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Ask Someone On a Date. Use That Word “Date.” – Bravester


(Photo: Unsplash)

I hope you never hear, “Hey, do you want to hang out?” And then have to wonder if this is a date or literally just hanging out.

Ask that intriguing someone on a date. Use the word “date.” Make it clear. This is clarity. Clarity is kind. Clarity is honoring and respectful.

Ask with your words. In person. Over the phone. Not by text.

By saying that word both of you will know what the intention is. You won’t be lost wondering about that “friend zone.” There are plenty of other “what ifs” to get caught up in than to worry about the “what if” this is a date.

Women, you can ask men out on a date. Men appreciate the clarity also.

A date also means a plan. You are asking someone to do something. Call it a coffee date instead of “Do you want to get a coffee together sometime?” Do you see the difference?

What happens way too often is you meet this person of high character and you want to get to know him/her better. So you start “hanging out” together. Maybe it’s just the two of you “hanging out.” Maybe it’s a group but you two seem to end up talking together more. Maybe you keep putting yourself in this person’s orbit at the inconvenience of your own life. Maybe you two only text each other—and that takes up hours of your life.

You find yourself lost in that “friend zone” because you don’t know what is going on between the two of you because neither have asked the other on a date. You also know that you are falling hard for this one.

Be the one to end this what will soon be a dead-end relationship. This blurry “friend zone” does not last forever and one of you is going to be hurt. Ask for the date. Use that word “date.” The person is either going to say yes or say no. You may now be moving forward because you really like this intriguing person. Or you will feel disappointment but that is better now than in six months of contorting yourself wondering. (And all that wasted emotional energy of daydreaming.)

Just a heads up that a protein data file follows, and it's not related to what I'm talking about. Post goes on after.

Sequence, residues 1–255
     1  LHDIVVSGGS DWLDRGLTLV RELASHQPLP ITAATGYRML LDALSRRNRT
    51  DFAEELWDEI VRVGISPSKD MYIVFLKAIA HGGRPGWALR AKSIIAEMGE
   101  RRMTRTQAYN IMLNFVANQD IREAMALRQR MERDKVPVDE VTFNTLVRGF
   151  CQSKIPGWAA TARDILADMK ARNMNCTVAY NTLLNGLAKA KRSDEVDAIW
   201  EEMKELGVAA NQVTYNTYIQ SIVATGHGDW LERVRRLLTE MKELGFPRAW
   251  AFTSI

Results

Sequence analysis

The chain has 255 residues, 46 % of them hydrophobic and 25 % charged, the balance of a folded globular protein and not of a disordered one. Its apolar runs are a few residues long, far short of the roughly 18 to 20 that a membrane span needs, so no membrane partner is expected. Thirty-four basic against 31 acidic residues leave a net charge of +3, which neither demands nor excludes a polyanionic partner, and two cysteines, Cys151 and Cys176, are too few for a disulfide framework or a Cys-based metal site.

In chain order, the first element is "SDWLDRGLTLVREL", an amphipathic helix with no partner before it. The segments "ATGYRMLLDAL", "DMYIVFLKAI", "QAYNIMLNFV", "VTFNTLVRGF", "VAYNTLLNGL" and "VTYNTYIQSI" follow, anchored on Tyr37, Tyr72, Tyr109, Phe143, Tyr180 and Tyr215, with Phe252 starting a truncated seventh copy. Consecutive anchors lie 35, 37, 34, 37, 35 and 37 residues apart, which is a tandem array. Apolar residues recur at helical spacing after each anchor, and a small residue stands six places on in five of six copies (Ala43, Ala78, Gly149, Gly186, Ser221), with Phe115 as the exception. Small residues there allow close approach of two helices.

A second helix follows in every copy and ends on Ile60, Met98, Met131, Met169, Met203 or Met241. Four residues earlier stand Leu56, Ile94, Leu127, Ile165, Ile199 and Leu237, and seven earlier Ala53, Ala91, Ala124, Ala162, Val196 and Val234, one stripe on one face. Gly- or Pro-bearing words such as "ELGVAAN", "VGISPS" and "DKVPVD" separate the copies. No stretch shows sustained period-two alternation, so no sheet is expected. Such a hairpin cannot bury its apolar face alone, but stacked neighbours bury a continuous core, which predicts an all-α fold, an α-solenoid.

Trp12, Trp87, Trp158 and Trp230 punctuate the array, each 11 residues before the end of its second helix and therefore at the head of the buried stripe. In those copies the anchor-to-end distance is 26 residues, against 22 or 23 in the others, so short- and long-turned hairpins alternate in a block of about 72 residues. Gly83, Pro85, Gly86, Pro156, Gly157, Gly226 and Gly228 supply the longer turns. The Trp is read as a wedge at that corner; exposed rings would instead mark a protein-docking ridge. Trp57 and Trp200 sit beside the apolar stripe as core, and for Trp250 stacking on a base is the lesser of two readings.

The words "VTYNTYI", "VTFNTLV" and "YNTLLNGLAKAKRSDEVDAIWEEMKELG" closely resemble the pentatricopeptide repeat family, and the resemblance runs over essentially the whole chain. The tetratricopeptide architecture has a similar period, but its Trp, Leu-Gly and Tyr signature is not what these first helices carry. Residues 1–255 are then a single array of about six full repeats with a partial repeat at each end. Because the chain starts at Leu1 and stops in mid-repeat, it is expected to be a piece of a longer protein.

The hard truth is you bending, blending and pretending to “hang out” with this intriguing other is already telling you the truth. If he/she never asks for the date, he/she is not into you.

Spare your friends’ emotional energy too. They already know that he/she is not into you. They see it. You can contort the story every which way you want to but we know. End this misery and ask for the date. Now you know too.

Have a little vanity. Ask for the date.

End the breadcrumbing. Ask for the date.

This date that is planned also doesn’t happen at the moment you ask the person or that evening or the next day. Give this intriguing person a minimum of three days to wait for this date.

For you, you’ve probably spent weeks being anxious and agonizing over asking this person out. You’ve probably talked to your friends (and your team?) about this person and finally you took the opportunity to ask—with clarity. For this other, give him/her a minimum three-day window so he/she can anticipate and talk about this with his/her people. Now you both have time to think and worry.

This planned date does not have to be romantic—yet. A coffee date is a great—and a comfortable start—to pay attention to someone’s story. Your date will value being seen and heard way more than being wooed and wowed as a romantic gesture. If all goes well, you will have plenty of future dates to show off your romantic self. Romance is the fun stuff!

Here’s some good second date ideas.

Of course, there is the possibility that you will be turned down on that date. As this interviewee said, “I can’t think of a single reason why not asking might be better than asking. If you don’t ask, the answer is ‘no.’ If you ask you have a chance. If you connect with someone the only way to get to know them better, to see if a relationship can develop, is to take the risk.”

There it is. Yes, there is risk. Dating is the vulnerable stuff. This person you have planned a date with has the power to break your heart—because you know you may give this person your heart. This is a risk.

It is still just a date. This one date does not define you. The fail of this date does not define you as unlovable. It is just a date. At a minimum you may have gained a great story. You may also have gained this other person’s respect because it was a “date” instead of a mystery whatever. You deserve the respect for doing the asking.

Men, women will applaud you for the clarity. All women will applaud.

So ask, “Do you want to go on a date with me?” with that intriguing high character person you have your eye on. Let the adventure begin or the daydreaming end. Either option is best for you.

Do you want to read more about those “hanging around” dead-end relationships?

Originally published at Bravester with permission from Brenda Seefeldt Amodea.

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